Ah, the days when we were satisfied with a Cadbury buttercream Easter egg, available at just about any store that sold chocolate. Today, only gourmet chocolate Easter eggs please our palate.
Take these gourmet chocolate Easter eggs (photo #1) from Markham + Fitz Chocolate Makers in Bentonville, Arkansas (birthplace and headquarters of Walmart).
Two University of Arkansas alumni pooled their savings in 2014 to buy their first pieces of chocolate-making equipment.
The result: beautiful chocolate of the highest quality. Their Easter BonBons are shiny examples of the artisan’s craft: colored chocolate shells with different fillings:
Easter BonBons are sold in boxes of 15 (BYO nest). Get yours at MarkhamAndFitz.com.
Easter is the second-bestselling candy holiday in America after Halloween—and Easter candy is often much better than that which is collected by trick-or-treating.
While spring lamb, dyed eggs, and hot cross buns all trace their origins to the pagan spring festivals of ancient times, candy is a newcomer, dating back just to the 1800s.
It was then that European candy-makers first hand-crafted chocolate eggs for the holiday. They were wildly popular.
Each Easter in our youth, we’d look forward to an Easter basket chock-full of candy: chocolate eggs filled with buttercream and marzipan, chocolate bunnies, jelly beans, marshmallow chicks, and other goodies, nestled in shredded paper “grass” and tied with a big bow.
Children around the world received Easter baskets like this. As the tradition evolved, even adults got Easter gifts.
But how did the tradition begin? Let’s start way back.
To ancient cultures, the spring equinox marked the transition from the cold, dark days of winter to the warmer, sunny days of spring.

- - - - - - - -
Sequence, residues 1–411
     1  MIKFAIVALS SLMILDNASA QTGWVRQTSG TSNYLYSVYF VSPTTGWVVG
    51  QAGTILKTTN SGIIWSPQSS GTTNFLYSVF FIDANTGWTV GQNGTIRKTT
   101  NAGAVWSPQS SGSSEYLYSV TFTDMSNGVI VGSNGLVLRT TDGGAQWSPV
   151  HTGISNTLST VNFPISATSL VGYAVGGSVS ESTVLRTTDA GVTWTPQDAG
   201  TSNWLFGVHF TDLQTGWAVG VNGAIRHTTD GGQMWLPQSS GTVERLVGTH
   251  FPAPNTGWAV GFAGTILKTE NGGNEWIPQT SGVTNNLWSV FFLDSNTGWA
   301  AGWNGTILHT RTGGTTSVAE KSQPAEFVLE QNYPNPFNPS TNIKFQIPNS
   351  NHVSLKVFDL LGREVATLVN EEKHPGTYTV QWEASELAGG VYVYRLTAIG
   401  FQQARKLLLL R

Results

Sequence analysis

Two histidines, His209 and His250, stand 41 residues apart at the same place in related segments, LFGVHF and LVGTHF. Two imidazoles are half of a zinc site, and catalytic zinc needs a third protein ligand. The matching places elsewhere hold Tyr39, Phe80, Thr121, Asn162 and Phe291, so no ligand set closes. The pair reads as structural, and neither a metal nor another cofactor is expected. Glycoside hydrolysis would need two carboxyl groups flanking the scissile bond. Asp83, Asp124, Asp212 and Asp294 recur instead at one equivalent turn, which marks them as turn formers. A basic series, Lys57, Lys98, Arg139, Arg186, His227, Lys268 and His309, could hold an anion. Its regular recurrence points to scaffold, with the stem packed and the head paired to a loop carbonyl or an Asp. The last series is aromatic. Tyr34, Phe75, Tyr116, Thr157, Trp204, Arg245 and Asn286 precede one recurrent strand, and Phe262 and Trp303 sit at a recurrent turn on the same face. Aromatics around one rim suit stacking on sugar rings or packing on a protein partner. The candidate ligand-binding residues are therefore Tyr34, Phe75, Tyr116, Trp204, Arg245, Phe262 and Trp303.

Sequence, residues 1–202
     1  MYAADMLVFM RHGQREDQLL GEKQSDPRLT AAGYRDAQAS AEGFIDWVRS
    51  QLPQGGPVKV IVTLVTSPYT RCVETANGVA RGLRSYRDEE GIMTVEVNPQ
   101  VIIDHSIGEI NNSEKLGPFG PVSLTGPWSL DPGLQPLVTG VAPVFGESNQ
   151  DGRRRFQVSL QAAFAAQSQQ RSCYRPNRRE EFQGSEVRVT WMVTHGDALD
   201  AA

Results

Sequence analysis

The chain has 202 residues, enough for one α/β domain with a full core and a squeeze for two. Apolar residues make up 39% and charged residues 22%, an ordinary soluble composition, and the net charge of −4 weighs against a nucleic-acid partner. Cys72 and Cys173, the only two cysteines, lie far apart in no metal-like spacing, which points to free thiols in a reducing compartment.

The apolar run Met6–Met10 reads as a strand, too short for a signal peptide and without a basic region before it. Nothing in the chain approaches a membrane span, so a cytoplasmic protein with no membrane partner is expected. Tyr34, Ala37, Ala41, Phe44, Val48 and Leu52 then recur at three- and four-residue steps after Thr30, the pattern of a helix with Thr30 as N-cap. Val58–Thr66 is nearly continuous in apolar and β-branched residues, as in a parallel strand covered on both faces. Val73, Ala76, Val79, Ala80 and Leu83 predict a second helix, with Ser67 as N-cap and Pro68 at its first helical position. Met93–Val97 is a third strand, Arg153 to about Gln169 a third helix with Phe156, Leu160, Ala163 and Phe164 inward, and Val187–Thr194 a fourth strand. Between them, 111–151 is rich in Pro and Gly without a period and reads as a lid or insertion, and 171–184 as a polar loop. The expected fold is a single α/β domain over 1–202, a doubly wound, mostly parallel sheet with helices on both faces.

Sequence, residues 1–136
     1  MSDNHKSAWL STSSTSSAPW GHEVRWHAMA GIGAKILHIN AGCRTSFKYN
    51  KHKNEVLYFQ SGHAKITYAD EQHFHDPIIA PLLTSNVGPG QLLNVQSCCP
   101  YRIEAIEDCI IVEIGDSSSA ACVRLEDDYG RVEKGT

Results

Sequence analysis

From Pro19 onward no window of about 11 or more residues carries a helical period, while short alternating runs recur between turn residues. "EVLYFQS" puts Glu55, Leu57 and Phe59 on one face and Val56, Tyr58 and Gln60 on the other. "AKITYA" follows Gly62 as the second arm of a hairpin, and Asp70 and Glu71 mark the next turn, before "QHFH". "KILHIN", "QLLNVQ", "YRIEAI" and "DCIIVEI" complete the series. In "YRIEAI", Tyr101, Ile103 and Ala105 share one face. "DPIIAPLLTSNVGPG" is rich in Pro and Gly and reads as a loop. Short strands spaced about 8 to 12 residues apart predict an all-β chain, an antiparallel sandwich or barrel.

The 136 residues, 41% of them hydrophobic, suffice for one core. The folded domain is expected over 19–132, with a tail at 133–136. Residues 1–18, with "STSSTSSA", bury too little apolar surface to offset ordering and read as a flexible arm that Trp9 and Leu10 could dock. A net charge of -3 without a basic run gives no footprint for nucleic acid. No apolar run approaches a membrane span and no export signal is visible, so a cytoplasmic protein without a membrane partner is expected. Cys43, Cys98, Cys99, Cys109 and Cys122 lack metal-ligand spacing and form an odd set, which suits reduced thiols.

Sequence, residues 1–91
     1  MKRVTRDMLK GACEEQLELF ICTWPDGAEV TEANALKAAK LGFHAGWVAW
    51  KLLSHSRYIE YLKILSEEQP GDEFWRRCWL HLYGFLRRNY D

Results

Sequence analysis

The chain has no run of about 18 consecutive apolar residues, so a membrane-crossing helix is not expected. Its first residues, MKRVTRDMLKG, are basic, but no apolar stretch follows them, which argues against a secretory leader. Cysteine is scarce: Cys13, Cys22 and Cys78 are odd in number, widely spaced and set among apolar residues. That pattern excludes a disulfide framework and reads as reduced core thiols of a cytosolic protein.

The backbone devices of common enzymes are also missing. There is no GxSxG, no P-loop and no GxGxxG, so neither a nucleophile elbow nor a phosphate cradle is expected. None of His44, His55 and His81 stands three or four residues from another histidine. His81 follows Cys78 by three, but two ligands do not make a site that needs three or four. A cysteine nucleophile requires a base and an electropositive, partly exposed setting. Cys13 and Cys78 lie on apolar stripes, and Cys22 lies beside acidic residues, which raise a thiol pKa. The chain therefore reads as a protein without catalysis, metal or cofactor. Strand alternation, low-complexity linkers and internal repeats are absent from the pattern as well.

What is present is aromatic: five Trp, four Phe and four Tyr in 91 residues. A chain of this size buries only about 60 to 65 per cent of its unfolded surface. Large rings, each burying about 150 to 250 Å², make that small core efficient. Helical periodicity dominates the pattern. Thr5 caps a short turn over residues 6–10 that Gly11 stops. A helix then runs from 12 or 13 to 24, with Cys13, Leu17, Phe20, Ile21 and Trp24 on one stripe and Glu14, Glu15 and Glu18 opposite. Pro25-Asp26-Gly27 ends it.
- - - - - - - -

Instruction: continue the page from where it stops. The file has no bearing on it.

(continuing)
Farmers planted their crops (most people were farmers or hunters, or otherwise relied on those who were) and prayed to their gods for a bountiful harvest.
There would be rituals and festivities honoring the gods. Anglo-Saxons, for example, held feasts in honor of the goddess of spring and fertility, Eostre. The Christian holiday of Easter was named for her.
In early Christianity, fasting was common practice. The tradition of Lent evolved, a fasting period leading up to Easter.
As Christianity spread through Western Europe from the fifth through 12th centuries, the observance of Lent did as well [source].
As some Christians gave up sweets as their Lenten sacrifice, the return to eating them after 40 days without it was a nice reward. The stage was set for Easter sweets.
Easter basket. The symbolism of the basket stretches back thousands of years prior to the Easter celebration of the Ressurection of Jesus Christ.
In an eighth-century book “The Reckoning of Time,” Eostre was depicted cradling a woven basket in the crook of her arm—the beginning of the Easter basket tradition.
The concept of Easter baskets and the Easter bunny (called Easter hare, Osterhase, in German) was brought to America in the 18th century by German immigrants.
Easter baskets began a widespread tradition in the late 19th century, around the same time as the German “Osterhase” became the Easter Bunny.
Easter eggs. Eggs have historically been mythological motifs for new life. Ancient Egyptians, Asians, and Greeks all believed in the premise of the world being born from a cosmic egg.